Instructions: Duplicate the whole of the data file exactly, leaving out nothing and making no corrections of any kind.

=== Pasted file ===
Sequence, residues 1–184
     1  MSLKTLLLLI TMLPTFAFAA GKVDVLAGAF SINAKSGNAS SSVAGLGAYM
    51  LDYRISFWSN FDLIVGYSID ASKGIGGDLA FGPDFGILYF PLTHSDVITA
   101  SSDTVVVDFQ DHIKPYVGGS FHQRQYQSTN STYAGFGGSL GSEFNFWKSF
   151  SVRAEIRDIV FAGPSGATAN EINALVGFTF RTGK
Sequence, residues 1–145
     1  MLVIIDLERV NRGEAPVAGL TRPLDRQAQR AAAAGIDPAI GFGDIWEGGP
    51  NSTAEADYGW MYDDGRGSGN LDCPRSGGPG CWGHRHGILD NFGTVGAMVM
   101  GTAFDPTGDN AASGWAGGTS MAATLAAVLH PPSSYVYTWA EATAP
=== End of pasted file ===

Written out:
Sequence, residues 1–184
     1  MSLKTLLLLI TMLPTFAFAA GKVDVLAGAF SINAKSGNAS SSVAGLGAYM
    51  LDYRISFWSN FDLIVGYSID ASKGIGGDLA FGPDFGILYF PLTHSDVITA
   101  SSDTVVVDFQ DHIKPYVGGS FHQRQYQSTN STYAGFGGSL GSEFNFWKSF
   151  SVRAEIRDIV FAGPSGATAN EINALVGFTF RTGK
Sequence, residues 1–145
     1  MLVIIDLERV NRGEAPVAGL TRPLDRQAQR AAAAGIDPAI GFGDIWEGGP
    51  NSTAEADYGW MYDDGRGSGN LDCPRSGGPG CWGHRHGILD NFGTVGAMVM
   101  GTAFDPTGDN AASGWAGGTS MAATLAAVLH PPSSYVYTWA EATAP